fri 25/05/2018

China

Formosa, Cloud Gate Dance Theatre of Taiwan, Sadler’s Wells review - perfect in every detail

Whatever you do in the next couple of days, be sure to grab a ticket for this wonderfully atmospheric production. A glorious fusion of athletic dance, creative visuals and intoxicating sound, the piece pays tribute to the island of Taiwan, named...

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Sutra, Sadler’s Wells review – a masterpiece 10 years on

Sutra is back, 10 years after its premier at Sadler’s Wells. This is, in fact, the fourth time it has returned to London and such is the amazing popularity of this beguiling show that, in the past decade, it has been performed more than 200 times in...

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Civilisations, BBC Two review - no shocks from Schama

Lord Clark –  “of Civilisation”, as he was nicknamed, not necessarily affectionately – presented the 13 episodes of the eponymous series commissioned by David Attenborough for BBC Two in 1969; it was subtitled “A Personal View”, and encompassed...

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Bruno Maçães: The Dawn of Eurasia review - middle of nowhere

Part travelogue and part broad analysis of the current and future challenges facing the EU, the premise of Bruno Maçães’s new book The Dawn of Eurasia is to “use travel to provide an injection of reality of political, economic and historical...

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Human Flow review - two hours of human misery

Soaring over an expanse of blue sea, a white bird traverses the screen diagonally. Gliding unhindered through the air, it is the embodiment of freedom; by contrast, the movement of people down below is constrained by border crossings and passport...

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Chris Patten: First Confession - A Sort of Memoir review - remembrances of government and power

It’s 25 years since Chris Patten lost his seat as Conservative MP for Bath. The 1992 election was called by an embattled prime minister, bruised by the Maastricht Treaty (remember “the bastards”?). Neil Kinnock had been expected to win, Labour ahead...

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Sunday Book: Yiyun Li - Dear Friend, From My Life I Write to You in Your Life

Yiyun Li’s fiction comes garlanded in praise from authors and journals that don’t ladle it out carelessly, so it feels almost churlish to cavil over a memoir written during the course of two years while the author battled serious mental health...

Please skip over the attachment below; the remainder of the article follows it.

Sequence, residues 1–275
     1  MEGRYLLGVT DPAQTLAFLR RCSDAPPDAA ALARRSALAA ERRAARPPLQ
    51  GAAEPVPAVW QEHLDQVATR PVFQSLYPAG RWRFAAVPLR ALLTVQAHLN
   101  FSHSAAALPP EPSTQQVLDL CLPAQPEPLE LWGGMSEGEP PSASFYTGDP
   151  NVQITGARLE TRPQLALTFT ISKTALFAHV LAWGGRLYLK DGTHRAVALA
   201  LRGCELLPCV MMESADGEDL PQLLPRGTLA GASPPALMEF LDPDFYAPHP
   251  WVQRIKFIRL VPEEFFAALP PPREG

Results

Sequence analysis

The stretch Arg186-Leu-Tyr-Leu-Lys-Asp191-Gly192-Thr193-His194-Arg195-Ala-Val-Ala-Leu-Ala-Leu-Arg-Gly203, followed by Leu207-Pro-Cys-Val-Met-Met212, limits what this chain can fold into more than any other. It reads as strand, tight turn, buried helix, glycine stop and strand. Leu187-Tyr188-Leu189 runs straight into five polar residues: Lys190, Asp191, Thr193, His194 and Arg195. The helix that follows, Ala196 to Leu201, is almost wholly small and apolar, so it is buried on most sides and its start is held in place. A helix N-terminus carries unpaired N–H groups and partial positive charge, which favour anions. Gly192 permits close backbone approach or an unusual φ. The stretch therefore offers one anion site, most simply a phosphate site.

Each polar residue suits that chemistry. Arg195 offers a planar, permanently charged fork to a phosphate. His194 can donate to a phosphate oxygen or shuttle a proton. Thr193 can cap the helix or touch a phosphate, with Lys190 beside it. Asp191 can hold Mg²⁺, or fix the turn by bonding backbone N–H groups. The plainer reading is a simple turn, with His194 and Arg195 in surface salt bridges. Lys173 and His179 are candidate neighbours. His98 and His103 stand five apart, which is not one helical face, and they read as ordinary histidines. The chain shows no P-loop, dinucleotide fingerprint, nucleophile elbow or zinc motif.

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DVD: The Spring River Flows East

There’s rich irony in the timelining of 1940s Chinese blockbuster The Spring River Flows East. Cai Chusheng and Zheng Junli’s melodrama dates its 14-year timespan – events unroll from 1931 to the end of the war in 1945 – with reference to the...

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The Great Wall

The Great Wall is David Icke’s worst nightmare. David Icke (if you weren’t there in the 1980s) was a BBC snooker presenter. After ingesting a brain-rotting anti-elixir, he transmogrified into a doolally conspiracy theorist in a turquoise shell suit...

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DVD/Blu-ray: Black Society Trilogy

Mixing up your yakuzas and your triads can be a bloody business, as Takashi Miike’s films show in the goriest detail. The title of the earliest work in his “Black Society” trilogy, Shinjuku Triad Society from 1995, says it all – a Chinese...

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DVD: The Music of Strangers

A welcome antidote to the mood of a time which seems hell-bent on closing borders and building walls, The Music of Strangers is about a unique musical collective that breaks through division and reaffirms the potential of culture to unite. Subtitled...

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DVD: Around China With a Movie Camera

It’s comforting to reflect that some of the anonymous children seen in Around China With a Movie Camera – a DVD culled from films spanning 1900-48 held in the BFI National Archive – must live on today. If only the means existed to identify...

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